Bush's war on patients
November 25, 2004
Rebecca Kaplan , San Francisco Bay Guardian
Oakland Resident Angel McClary Raich is fighting for her life – and for our democracy. Raich is a medical cannabis patient with documented life-threatening diseases, including an inoperable brain tumor, for which cannabis has proved to be the only effective treatment. This past spring she won a federal court ruling (in the Ninth Circuit Court of Appeals) holding that the local, noncommercial use of medical cannabis, as authorized under California law, may not be punished by the federal government. Attorney General John Ashcroft then appealed the case to the Supreme Court.Ashcroft v. Raich will be heard Nov. 29. (Even though Ashcroft plans to leave his position soon, he and his office are still working to make patients suffer.)
The Bush administration's claims in court filings demonstrate a chilling disregard for both human life and democracy. In arguing for the right to imprison patients like Raich, the administration makes a few arguments that have dangerous and far-reaching implications, including:
1. Even though Ashcroft's lawyers begin by claiming that cannabis has no medical uses (a claim that, in the face of mounting evidence, is flatly noncredible), the administration also says that even if cannabis is medically needed by a particular person, and even if that person will die without it, the federal government should still have the right to take away the patient's medicine and imprison the patient for using it.
2. The administration claims that a vote of the people is irrelevant. Californians voted for Proposition 215, legalizing medical cannabis, in 1996. The California legislature passed S.B. 420 in 2003, supporting the rights of medical cannabis patients. During the 2003 gubernatorial debates, the right of patients to use medical cannabis was the only question all five 'major' candidates agreed on. The administration claims the people of the states, through democratic elections and through an elected legislature, don't have the right to say what the law will be, even for purely local conduct.
3. The administration argues marijuana should be treated as if it were more dangerous than cocaine.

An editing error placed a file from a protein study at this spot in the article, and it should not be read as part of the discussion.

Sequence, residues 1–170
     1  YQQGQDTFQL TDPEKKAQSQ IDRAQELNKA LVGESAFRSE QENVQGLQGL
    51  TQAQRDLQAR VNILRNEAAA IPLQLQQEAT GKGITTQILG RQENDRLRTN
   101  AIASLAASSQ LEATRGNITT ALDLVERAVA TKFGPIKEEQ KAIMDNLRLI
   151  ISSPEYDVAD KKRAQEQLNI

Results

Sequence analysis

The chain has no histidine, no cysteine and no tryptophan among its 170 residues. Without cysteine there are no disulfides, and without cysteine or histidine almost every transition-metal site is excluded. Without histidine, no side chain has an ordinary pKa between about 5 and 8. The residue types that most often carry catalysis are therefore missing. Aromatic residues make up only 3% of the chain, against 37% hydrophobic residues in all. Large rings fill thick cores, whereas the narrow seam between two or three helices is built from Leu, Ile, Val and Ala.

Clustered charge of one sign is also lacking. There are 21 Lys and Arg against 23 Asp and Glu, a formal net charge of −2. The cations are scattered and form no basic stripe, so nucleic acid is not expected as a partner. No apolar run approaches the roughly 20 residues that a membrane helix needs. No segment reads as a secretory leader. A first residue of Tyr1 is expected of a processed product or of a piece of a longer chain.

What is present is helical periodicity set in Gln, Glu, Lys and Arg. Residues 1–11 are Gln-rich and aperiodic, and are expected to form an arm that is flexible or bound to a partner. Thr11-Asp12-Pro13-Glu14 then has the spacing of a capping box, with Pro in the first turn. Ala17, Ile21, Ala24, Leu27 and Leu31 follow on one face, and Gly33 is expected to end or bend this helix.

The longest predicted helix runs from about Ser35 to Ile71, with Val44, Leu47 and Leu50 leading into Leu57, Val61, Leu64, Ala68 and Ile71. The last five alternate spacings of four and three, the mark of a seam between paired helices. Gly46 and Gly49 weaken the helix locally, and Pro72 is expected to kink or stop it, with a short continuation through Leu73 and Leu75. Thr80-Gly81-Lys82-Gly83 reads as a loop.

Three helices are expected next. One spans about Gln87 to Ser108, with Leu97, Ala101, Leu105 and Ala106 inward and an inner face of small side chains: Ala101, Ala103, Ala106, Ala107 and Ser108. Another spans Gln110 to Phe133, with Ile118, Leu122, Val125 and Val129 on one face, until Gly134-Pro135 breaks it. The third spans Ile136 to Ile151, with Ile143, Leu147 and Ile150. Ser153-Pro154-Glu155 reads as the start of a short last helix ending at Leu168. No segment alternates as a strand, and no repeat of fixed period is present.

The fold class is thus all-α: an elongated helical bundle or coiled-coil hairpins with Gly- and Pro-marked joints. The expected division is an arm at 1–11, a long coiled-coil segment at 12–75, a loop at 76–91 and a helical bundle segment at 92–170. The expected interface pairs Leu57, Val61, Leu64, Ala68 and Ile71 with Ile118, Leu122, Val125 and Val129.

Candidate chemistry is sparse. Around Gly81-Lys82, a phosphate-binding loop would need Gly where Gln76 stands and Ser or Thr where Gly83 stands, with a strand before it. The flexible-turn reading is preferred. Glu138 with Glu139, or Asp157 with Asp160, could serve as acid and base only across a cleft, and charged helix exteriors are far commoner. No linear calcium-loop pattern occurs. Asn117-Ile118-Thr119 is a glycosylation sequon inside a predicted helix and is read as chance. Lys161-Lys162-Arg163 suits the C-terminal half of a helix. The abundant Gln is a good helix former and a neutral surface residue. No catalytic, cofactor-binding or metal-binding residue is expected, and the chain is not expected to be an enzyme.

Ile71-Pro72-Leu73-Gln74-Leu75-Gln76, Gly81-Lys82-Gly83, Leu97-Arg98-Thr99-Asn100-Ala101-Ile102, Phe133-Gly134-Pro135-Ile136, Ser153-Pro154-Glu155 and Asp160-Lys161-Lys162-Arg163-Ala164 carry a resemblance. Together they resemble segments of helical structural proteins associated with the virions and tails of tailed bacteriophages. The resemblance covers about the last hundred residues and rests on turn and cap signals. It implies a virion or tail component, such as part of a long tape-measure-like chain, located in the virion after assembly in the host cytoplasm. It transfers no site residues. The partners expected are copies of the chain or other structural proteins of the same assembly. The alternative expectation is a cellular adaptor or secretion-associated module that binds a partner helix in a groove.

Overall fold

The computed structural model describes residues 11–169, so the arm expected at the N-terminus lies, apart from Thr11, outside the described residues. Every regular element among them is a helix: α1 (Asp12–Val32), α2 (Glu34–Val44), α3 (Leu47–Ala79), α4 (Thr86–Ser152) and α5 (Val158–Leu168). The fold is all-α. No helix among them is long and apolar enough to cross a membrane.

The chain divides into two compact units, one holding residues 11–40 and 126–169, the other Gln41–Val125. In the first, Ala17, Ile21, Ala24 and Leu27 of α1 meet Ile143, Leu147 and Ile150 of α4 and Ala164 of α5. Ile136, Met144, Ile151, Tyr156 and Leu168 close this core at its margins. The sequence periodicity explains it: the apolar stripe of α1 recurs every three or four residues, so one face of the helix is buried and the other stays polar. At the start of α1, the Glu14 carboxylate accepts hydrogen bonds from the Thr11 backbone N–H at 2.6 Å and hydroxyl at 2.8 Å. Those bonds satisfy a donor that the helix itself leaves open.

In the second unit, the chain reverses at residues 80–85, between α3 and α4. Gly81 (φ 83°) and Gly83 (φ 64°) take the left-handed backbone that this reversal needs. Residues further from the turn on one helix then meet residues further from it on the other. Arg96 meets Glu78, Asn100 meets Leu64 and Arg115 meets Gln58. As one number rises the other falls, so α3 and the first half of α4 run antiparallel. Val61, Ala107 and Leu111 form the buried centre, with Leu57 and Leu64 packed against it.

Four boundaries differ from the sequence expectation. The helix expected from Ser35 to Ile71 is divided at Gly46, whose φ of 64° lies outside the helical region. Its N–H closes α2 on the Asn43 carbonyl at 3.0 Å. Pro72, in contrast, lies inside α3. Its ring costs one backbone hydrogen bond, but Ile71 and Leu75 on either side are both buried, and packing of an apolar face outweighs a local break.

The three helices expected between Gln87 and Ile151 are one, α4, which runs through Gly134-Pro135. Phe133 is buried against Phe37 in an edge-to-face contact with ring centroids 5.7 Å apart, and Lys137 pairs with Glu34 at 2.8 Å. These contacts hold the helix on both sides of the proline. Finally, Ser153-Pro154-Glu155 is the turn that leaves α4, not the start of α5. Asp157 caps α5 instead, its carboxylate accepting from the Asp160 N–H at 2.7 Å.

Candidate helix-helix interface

4. Ashcroft's team claims federal laws against medical marijuana can be justifiably used to pressure patients to use other drugs like OxyContin (which has worse side effects, is highly addictive, and is, in many cases, less effective than cannabis).
5. The government's court filings argue that the Constitution gives the federal government the right to regulate interstate commerce, which therefore gives the feds the authority to make laws regarding drug trafficking. In this case, however, Raich's medical cannabis was locally grown for her by her caregivers and was provided to her for free. Nothing crossed a state line, and there was no commercial activity. If the 'interstate commerce' power gives the federal government the right to regulate something that involves no interstate transportation and no commerce, then there's virtually no human behavior the Bush administration couldn't claim power over.
While the administration's position on this issue may be horrifying and inhumane, there are reasons for hope. A Time-CNN poll found that 80 percent of Americans support the right to use medical cannabis. On Nov. 2 the people of Montana voted overwhelmingly to legalize medical marijuana – by 62 percent – making medical marijuana more popular than George W. Bush, who received 59 percent of the vote in that state. This opens an opportunity to advocate for compassion while letting the public know the administration is wasting our tax dollars, persecuting people in a way Americans from all walks of life disagree with.
In the meantime, Raich is struggling to handle the toll of fighting for her life against the millions of dollars and thousands of lawyers and agents the administration is willing to devote to this crusade. She needs our help! Donations to her nonprofit, which provides legal support and education to help medical cannabis patients, are tax-deductible. Go to www.angeljustice.org for more information and updates.